Publishers Weekly - Publisher's Weekly
THE LEGEND OF SLEEPY HOLLOW Washington Irving, illus. by Michael Garland. Boyds Mills, $8.95 ISBN 1-56397-605-6. Full-page oil paintings illustrate this unabridged edition of the classic spine-tingler. All ages. (Sept.)
Children's Literature - Susie Wilde
Kelley makes a significant contribution to picture books for young adults with his skillful rendition of Irving's classic The Legend of Sleepy Hallow. Kelley drew his inspiration from the painters of the late 18th century. He uses style, color and light to reflect the tones of the Flemish masters and revive the Hudson Valley life of the early Dutch settlers. Green predominates, giving a woodsy feel while creating a strong sense of setting and time. Kelley also adopts the illustrative vision of the 1700's where he depicts a horse galloping with front and back legs extended, as they were in the period (artists didn't have photography to show them that a horse doesn't gallop that way). All these things add to the feeling of the period.
Even before this spooky tale begins, the illustration on the cover of this book will send a shiver down the spine of most readers. This is the tale of an obnoxious school teacher, Ichabod Crane, and his attempts to win the hand of Katrina, the beautiful daughter of a rich, local farmer. Katrina is already being courted by the handsome and fearless Brom Bones who is famous for his tricks and practical jokes. Ichabod's greed and foolishness eventually lead him on a very long and eventful ride home from a party one night in the company of the headless horseman. Will Moses is the great-grandson of Grandma Moses, the painter famous for her primitive, folk art style and it shows. He has inherited both her style and talent, which are entirely appropriate for this deliciously scary retelling of Washington Irving's 1820 story.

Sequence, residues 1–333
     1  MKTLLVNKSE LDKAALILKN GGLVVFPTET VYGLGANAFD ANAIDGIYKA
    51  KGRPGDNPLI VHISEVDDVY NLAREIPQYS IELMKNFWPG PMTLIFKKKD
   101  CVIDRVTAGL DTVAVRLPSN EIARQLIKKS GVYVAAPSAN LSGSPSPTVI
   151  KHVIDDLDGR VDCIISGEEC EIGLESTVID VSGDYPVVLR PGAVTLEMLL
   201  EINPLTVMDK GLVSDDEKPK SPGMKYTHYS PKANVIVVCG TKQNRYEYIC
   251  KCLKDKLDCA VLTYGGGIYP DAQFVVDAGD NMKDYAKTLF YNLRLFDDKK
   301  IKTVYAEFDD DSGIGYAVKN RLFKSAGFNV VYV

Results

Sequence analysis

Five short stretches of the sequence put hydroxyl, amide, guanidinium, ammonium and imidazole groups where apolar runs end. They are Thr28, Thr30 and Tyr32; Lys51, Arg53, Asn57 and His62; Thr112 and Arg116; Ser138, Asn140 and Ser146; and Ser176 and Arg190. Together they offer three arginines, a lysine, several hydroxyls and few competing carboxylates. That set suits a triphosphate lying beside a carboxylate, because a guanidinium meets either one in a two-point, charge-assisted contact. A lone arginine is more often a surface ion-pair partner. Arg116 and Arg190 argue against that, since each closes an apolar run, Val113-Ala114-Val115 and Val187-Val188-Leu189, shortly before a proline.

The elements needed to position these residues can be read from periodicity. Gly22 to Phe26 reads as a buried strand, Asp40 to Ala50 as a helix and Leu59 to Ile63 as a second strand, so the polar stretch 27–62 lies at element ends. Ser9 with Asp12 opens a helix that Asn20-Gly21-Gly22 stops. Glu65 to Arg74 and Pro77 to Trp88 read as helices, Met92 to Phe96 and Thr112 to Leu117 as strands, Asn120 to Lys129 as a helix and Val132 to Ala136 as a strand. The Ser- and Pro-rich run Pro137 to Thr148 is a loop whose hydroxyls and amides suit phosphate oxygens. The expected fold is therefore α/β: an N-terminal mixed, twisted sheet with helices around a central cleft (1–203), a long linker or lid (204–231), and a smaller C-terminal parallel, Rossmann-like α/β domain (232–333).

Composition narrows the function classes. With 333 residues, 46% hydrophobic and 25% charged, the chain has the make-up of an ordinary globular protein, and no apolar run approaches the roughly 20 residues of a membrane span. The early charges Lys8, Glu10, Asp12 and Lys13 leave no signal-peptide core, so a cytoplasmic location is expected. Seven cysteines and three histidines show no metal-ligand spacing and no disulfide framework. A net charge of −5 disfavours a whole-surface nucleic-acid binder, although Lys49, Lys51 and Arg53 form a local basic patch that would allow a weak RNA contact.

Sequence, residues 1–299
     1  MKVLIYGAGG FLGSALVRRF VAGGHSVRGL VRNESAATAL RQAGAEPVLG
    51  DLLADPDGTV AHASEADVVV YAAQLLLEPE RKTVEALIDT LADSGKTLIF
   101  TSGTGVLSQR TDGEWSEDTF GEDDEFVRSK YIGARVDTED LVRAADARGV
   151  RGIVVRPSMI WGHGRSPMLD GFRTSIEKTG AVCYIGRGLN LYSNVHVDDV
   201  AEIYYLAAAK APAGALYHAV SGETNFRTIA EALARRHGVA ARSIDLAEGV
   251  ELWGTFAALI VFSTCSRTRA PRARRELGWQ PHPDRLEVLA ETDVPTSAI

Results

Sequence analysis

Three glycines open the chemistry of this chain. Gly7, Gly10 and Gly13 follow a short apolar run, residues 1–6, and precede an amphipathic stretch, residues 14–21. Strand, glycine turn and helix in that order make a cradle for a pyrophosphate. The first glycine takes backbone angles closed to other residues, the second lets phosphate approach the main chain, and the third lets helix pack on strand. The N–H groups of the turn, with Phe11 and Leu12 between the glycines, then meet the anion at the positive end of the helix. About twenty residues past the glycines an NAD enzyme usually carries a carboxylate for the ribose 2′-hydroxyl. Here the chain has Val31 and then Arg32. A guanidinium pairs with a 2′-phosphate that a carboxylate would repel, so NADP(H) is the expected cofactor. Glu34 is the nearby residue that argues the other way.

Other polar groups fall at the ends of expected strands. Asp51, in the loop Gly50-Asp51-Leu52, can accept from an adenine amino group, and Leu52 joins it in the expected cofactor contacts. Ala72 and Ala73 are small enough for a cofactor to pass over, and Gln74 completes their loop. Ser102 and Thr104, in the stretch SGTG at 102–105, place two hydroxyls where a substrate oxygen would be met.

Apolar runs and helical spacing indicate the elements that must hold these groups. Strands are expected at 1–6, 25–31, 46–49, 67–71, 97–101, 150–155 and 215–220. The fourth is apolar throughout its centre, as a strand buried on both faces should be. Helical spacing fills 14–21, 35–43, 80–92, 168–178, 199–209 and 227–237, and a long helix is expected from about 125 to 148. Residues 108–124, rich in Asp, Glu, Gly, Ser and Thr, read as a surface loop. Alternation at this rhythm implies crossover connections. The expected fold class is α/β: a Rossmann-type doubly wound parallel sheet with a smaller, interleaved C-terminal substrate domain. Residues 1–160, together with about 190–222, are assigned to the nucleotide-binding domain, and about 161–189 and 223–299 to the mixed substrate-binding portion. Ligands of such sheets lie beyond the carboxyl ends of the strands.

School Library Journal